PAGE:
Although Ebola is grabbing the headlines, the human cost of hospital-acquired infections is also concerning: About 1.7 million people in the U.S. contract an infection each year resulting in 99,000 deaths. Read about three smart innovations that are helping medical establishments wipe the slate clean by eradicating pathogens.
Getting the Upper Hand on Hospital Infections
We all like to think we’ll be in good hands if we have to hospitalized. More important is to be in clean hands. With about one in every 25 people admitted to a hospital in the U.S. ending up with a healthcare-acquired infection, frequent hand washing by medical personnel is crucial to reducing that rate. The intelligentM bracelet device aims to make it easier for staff to keep tabs on who is washing up and who isn’t. The bracelet, worn by doctors, nurses and other staff who are in contact with patients, uses RFID tags to communicate with sensors located in areas where washing is required. It recognizes the movements associated with hand washing and the application of sanitizers. If it detects that hand hygiene is being performed, it buzzes to let staff know and an electronic record is provided to management.
Using Smart Sheets to Put Infectious Bacteria to Bed
Hospital patients may soon sleep better knowing they’re sleeping safer. That’s because Australia’s RMIT University, working with scientists from the country’s national science agency CSIRO, have developed an antibacterial fabric for use in medical facilities that are capable of killing off E. coli and other infectious bacteria within 10 minutes of contact. By embedding so-called nanowires coated with a silver solution into cotton textiles, silver ions are slowly released in the material, which then attack bacteria. The researchers say the fabric could be used in hospital bedding, linens and surgical aprons to help eliminate healthcare-acquired infections.
Doing the Robot to Terminate Germs
To put the zap on lingering viruses and bacteria, some hospitals are seeing disinfection in a completely different light. That’s because robots, made by Xenex, are rolling in rooms after standard cleanings to wipe out any remaining pathogens with pulsed, high-intensity xenon ultraviolet light that is 25,000 times brighter than fluorescent light. The process takes about 15 minutes to clean a room. According to the company, the robots are on standby at the U.S. Air Force Hospital in Langley, Virginia, to destroy any potential Ebola-like viruses.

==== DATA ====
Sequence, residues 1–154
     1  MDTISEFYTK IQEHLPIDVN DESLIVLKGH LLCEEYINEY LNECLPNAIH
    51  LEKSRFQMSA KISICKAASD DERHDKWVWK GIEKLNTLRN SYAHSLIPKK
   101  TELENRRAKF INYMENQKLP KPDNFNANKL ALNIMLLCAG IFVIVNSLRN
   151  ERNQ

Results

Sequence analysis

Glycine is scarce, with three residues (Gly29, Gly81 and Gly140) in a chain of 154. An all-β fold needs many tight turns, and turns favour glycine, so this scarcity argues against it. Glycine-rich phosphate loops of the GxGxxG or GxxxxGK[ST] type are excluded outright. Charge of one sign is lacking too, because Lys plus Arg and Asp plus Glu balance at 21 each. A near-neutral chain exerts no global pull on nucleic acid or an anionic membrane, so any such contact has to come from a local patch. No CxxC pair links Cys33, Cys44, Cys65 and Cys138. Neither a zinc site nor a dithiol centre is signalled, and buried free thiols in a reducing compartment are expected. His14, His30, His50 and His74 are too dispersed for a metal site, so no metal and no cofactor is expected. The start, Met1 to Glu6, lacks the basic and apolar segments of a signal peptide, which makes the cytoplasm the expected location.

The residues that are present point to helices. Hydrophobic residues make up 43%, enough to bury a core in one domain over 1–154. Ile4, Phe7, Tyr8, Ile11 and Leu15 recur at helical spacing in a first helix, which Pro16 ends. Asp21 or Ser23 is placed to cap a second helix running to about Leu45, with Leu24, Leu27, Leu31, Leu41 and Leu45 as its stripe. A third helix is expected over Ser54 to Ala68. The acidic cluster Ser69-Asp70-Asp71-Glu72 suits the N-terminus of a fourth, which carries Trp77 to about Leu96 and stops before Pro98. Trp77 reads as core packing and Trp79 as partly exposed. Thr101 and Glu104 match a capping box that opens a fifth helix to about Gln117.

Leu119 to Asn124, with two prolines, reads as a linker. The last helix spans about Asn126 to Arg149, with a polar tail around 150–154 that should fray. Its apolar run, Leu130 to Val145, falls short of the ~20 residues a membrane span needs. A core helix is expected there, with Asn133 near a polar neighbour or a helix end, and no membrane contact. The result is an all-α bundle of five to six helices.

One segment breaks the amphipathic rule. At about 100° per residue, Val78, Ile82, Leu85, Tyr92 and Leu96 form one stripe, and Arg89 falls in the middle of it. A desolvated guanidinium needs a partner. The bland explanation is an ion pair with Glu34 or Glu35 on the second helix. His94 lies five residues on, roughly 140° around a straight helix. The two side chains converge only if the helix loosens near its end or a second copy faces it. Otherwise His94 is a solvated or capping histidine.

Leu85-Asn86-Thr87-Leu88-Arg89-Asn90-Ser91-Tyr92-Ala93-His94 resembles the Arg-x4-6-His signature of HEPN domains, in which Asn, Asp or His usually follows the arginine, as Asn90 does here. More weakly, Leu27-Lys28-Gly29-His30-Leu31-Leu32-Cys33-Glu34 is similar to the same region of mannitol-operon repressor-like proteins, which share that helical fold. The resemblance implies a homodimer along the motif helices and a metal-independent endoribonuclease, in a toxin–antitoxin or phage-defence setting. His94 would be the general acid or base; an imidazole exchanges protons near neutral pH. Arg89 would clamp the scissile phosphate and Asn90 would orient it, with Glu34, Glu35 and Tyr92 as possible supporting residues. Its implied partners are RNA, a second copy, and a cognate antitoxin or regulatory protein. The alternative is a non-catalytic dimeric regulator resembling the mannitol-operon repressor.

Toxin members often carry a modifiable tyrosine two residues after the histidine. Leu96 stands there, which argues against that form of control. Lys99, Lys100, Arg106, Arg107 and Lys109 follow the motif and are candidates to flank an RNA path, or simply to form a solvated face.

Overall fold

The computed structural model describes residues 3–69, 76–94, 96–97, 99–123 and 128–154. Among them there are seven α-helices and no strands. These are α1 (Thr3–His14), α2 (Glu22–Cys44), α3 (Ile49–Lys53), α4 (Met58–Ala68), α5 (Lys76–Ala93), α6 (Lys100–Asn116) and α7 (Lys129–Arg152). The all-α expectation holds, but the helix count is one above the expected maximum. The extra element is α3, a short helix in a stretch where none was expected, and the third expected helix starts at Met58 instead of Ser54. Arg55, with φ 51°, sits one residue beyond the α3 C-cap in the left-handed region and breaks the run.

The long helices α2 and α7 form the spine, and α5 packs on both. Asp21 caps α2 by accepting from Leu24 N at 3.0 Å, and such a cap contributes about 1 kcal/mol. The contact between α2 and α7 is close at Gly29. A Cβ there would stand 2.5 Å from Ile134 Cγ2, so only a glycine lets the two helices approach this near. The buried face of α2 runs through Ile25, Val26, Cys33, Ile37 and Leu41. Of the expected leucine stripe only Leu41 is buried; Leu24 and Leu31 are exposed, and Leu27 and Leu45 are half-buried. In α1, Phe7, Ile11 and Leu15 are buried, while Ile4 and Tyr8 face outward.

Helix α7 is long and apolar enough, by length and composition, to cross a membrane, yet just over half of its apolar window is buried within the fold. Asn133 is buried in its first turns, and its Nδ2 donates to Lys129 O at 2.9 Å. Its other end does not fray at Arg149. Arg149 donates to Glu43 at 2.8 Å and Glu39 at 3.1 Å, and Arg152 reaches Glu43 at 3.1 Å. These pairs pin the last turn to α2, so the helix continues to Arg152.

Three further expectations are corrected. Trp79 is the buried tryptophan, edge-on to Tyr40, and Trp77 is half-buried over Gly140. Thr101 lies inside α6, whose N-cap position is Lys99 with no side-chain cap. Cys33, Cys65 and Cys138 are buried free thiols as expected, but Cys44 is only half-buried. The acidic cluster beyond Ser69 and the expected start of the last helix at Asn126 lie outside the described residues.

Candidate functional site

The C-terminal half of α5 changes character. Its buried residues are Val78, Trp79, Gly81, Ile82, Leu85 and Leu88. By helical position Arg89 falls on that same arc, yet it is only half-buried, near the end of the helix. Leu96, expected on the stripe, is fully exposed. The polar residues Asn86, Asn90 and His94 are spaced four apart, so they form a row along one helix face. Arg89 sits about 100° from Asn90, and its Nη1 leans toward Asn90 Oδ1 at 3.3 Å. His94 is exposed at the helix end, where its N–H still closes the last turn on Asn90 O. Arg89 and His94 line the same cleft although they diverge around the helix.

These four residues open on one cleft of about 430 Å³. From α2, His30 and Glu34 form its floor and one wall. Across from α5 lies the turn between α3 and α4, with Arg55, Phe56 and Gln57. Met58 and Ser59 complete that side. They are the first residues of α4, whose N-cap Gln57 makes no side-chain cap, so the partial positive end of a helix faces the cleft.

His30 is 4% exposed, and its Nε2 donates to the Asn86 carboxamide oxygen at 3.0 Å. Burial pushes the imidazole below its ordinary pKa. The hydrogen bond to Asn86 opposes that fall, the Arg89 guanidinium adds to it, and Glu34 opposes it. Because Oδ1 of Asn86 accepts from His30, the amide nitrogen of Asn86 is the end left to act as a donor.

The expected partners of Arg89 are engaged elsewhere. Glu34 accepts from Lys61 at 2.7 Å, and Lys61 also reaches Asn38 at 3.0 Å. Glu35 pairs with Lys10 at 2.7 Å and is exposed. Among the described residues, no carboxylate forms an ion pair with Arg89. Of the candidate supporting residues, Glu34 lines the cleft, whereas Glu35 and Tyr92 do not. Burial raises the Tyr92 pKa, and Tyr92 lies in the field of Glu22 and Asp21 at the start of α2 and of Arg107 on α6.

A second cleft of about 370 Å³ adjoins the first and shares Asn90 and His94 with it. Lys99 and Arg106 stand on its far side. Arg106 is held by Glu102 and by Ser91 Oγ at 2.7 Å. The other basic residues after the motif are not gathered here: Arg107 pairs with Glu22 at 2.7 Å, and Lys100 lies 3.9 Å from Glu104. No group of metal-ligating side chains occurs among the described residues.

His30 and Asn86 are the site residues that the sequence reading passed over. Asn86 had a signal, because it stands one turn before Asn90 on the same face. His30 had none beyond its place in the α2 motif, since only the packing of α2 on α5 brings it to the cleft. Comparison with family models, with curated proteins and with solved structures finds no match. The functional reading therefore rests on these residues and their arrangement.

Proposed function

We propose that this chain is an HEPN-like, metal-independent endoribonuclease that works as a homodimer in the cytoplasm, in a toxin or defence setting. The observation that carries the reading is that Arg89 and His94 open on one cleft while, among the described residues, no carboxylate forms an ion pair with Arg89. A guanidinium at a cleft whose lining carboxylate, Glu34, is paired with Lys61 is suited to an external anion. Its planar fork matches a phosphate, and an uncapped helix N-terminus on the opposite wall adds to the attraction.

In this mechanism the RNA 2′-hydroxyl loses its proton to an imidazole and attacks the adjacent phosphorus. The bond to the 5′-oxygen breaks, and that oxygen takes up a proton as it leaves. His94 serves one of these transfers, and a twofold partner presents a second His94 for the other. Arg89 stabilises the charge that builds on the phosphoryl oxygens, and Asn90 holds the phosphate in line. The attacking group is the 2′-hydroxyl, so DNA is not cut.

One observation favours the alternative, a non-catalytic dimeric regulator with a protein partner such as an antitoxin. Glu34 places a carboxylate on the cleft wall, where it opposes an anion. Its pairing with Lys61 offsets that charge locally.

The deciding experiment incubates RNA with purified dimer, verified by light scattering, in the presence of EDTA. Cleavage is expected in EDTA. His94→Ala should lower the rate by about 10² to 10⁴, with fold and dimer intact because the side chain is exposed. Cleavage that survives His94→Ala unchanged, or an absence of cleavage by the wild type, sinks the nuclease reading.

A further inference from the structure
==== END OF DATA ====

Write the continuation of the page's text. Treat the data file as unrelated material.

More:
For more inspiration on how smart innovations in healthcare are benefitting citizens and communities, read the post How Citizens, Technology Help Track and Attack Ebola Outbreak.
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University College Cork
(2B)OR!(2B): From the Beehive to the Cloud and Back
Fiona Edwards Murphy, Liam O’Leary, Killian Troy, Lily Pinson and Katie Hetherington
Cloud and Mobile used to monitor honeybees in the hive.
Boston University and Massachusetts Institute of Technology
Street Bumps and Big Data Analytics: Crowdsourcing Our Way to Better Roads
Theodora Brisimi, Yue Zhang, Wuyang Dai, Setareh Ariafar, Nicholis Baladis
Analytics to crowd source the path to better roads
Delft University of Technology
Proposal for IEEE/IBM Smarter Planet Challenge
Amir Piltan, Nicolas Kramer Floyd, Olac Grouwstra
Cloud based analytics platform for health care SMEs
Sun-Yat Sen University and South China University of Technology
Jianghong Zhou, Zixiao Yang, Cindy Chen, Heng Du, Jujie Peng
Mining medical data for improved health care
People are usually given a breathalyser test to determine whether they are over the legal limit for alcohol consumption. Here’s a more pleasant application of this testing – - -
Students at UC Davis are working on helping dolphins and other marine life. It looks like wet but happy work…
And honestly, how could you not smile back for this face? [Dolphin encounter image by Ste Elmore, CC BY 2.0]
Perhaps current human breathalyzer testing will expand to being a diagnostic tool for people, too! There are ideas in the works – check out this article: Sports concussion ‘breathalyser’ proposed Scientists at the University of Birmingham in the U.K. are developing a “breathalyser” to detect concussions, which will be used to prevent brain injuries among athletes, especially children.
And, should you manage to pick up the April 2014 issue of Journal of Medical Engineering & Technology, there’s an interesting research article on this topic [Designing breathalyser technology for the developing world: how a single breath can fight the double disease burden (Authors: Sarah Krisher, Alison Riley, and Khanjan Mehta, Vol. 38, No. 3 , Pages 156-163(doi:10.3109/03091902.2014.890678)] Abstract: The meteoric rise in the prevalence of non-communicable diseases, alongside already high rates of infectious diseases, is exacerbating the ‘double disease burden’ in the developing world. There is a desperate need for affordable, accessible and ruggedized diagnostic tools that detect diseases early and direct patients to the correct channels. Breath analysis, the science of utilizing biomarkers in the breath for diagnostic measures, is growing rapidly, especially for use in clinical diagnostic settings. Breathalyser technologies are improving scientifically, but are not yet ready for productization and dissemination to address healthcare challenges. How does one ensure that these new biomedical devices will be suitable for use in developing communities? This article presents a comprehensive review of breath analysis technologies followed by a discussion on how such devices can be designed to conform with WHO’s ASSURED criteria so as to reach and sustain in developing countries where they are needed the most.